Some things are weird. Like if a band from the Boston area just tries to contact you on Facebook asking you, if you would be so kind to listen to their new EP they just released via Bandcamp. Even more astonishing is the fact that when you actually listen to them and find a bloody great band just got in touch with you. This is cool but here is the next problem: Neither their facebook page, nor their bandcamp page gives you any details about them.
This happened to me with Piles and Piles. They kindly asked me to have a listen to their 5 song EP “Premonitions Say” and it is awesome. A magnificent blend of twinkly guitars, post-rock parts and a decent voice. So I felt like I had to get a little better understanding of the guys and ended up exchanging a few emails and a few questions. Turns out they can’t only write good songs, but are also a good bunch of guys.
I’ve been obsessing recently with American bands, the new wave of emo or whatever you want to call it. I love spending my free time browsing bandcamp and little blogs for bands just to go to youtube afterwards and watch those bands playing basement shows. Will, of Piles and Piles says it’s something they love doing (you can find proof of that at the bottom of this article). Growing up near Boston, it doesn’t seem a surprise that all members of the band got involved or in touch with the DIY scene there from early on. Just think about Boston hardcore for a minute and give the EP a listen.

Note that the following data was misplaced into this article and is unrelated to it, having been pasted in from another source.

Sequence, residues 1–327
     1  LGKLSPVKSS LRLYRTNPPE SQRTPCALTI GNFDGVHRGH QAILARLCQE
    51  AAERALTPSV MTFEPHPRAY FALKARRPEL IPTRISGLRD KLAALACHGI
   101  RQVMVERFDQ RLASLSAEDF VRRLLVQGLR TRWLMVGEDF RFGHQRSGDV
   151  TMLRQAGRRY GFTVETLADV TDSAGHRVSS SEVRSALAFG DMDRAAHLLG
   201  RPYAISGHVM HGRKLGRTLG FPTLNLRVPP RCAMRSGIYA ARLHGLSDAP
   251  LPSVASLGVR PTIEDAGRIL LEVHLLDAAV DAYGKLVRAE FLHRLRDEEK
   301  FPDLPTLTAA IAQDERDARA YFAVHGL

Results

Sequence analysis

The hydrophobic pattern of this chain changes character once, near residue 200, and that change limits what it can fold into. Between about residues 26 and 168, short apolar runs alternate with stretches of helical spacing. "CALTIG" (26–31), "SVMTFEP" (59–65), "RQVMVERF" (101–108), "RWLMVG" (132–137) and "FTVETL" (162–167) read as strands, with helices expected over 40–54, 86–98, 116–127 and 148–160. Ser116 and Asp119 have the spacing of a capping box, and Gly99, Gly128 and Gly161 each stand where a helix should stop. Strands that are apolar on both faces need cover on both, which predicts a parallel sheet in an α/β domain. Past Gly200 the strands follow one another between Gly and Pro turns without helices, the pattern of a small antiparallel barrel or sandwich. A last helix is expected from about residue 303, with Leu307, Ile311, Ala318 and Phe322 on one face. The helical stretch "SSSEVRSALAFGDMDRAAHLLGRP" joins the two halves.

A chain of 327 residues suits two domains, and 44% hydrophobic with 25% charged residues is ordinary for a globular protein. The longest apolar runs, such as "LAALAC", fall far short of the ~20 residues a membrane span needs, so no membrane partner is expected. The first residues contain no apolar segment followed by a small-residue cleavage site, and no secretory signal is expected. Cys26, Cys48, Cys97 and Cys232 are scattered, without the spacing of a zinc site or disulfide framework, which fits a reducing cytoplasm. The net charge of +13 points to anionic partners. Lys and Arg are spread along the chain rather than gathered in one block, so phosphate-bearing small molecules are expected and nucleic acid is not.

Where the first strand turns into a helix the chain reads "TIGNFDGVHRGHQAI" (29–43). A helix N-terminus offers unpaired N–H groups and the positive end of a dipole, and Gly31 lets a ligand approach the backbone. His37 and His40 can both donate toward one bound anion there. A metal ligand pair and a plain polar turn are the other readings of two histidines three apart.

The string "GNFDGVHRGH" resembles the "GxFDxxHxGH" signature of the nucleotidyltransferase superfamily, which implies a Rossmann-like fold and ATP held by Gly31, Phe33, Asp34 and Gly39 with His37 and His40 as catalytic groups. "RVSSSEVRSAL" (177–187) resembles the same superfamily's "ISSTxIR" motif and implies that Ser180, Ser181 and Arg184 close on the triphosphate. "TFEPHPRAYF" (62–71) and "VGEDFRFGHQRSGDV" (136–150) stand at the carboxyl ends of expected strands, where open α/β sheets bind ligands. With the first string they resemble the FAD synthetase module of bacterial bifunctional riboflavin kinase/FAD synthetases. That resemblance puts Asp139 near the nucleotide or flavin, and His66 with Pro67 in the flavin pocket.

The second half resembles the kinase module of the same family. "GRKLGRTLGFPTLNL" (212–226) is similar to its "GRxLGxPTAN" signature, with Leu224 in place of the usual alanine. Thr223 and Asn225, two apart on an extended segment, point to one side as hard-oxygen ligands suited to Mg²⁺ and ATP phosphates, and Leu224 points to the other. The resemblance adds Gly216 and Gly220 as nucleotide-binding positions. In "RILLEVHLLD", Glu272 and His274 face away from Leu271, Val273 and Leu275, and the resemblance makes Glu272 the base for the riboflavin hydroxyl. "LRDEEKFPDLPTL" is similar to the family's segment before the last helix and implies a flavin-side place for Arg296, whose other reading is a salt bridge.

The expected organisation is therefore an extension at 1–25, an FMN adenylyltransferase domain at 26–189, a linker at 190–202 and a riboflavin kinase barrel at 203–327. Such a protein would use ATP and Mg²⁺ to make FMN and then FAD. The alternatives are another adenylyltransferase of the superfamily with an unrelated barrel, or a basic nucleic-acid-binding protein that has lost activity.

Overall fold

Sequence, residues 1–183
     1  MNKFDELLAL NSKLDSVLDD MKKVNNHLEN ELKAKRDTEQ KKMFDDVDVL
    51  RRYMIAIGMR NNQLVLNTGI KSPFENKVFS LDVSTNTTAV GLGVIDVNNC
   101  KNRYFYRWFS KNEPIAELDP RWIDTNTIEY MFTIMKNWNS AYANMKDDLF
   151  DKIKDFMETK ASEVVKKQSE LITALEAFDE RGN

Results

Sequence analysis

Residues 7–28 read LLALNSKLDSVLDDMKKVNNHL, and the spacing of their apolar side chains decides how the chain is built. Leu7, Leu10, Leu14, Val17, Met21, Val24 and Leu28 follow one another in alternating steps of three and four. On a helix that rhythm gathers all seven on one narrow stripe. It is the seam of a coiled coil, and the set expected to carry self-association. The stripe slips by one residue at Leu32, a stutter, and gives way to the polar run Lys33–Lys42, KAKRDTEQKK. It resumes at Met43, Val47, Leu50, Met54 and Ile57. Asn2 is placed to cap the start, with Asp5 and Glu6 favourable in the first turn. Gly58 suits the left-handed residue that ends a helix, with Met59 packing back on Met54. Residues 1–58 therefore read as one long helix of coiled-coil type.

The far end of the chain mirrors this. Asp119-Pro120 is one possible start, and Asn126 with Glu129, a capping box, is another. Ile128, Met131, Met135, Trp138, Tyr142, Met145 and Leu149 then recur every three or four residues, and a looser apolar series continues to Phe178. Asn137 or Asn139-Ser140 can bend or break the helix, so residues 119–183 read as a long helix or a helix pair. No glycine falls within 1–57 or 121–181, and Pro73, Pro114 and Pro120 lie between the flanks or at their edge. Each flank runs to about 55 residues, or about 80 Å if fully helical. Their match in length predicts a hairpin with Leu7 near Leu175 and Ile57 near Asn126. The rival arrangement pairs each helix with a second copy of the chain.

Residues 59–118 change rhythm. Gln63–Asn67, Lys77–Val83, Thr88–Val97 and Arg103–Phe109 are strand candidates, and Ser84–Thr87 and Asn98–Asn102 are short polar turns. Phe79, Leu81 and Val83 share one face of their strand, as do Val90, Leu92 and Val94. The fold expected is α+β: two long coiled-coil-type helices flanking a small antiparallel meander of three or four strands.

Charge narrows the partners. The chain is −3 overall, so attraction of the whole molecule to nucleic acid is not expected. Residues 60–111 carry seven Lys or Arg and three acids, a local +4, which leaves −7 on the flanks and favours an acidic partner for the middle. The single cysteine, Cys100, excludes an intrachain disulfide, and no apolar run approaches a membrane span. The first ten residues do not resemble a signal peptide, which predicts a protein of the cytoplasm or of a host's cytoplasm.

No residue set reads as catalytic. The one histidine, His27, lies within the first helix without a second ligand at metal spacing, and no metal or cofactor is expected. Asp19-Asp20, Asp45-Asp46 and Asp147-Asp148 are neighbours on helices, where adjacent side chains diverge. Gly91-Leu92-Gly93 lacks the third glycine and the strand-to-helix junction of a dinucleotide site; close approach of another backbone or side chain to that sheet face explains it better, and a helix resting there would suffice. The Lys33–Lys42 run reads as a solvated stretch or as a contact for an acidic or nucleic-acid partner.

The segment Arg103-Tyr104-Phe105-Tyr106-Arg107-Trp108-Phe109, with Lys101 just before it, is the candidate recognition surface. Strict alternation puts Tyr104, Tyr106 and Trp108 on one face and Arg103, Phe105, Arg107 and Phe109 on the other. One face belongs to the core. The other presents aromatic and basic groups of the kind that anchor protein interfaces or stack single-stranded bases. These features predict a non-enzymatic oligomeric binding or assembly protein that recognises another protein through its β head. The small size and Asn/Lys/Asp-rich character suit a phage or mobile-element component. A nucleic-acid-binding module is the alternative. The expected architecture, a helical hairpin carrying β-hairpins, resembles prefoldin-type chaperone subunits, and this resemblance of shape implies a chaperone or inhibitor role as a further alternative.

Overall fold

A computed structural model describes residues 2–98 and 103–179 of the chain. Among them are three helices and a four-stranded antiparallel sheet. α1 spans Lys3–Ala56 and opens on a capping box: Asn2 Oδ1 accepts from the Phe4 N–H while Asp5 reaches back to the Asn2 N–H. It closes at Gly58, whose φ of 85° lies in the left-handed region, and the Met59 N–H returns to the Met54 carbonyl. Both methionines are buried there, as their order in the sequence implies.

When I listened to the songs for the first time I immediately fell in love with the rough production. Which is another thing that keeps me appreciating this “scene” (if you want to call it like that). So while the punk and hardcore scene might have had an influence on the band’s attitude and production values, the arrangements are a lot more layered and sophisticated. The guitar work on Deam reminds me of American Football, while in other parts you can hear a big The Fall of Troy influenc, which they are happy to hear. “I fucking love The Fall of Troy! Those guys got me into all of the music I love now” states guitarist Luke. So no wonder then, that this EP is filled with quirky ideas, ranging from melodic guitar plucking to noise-filled walls of sound.
This is a cracker! Period.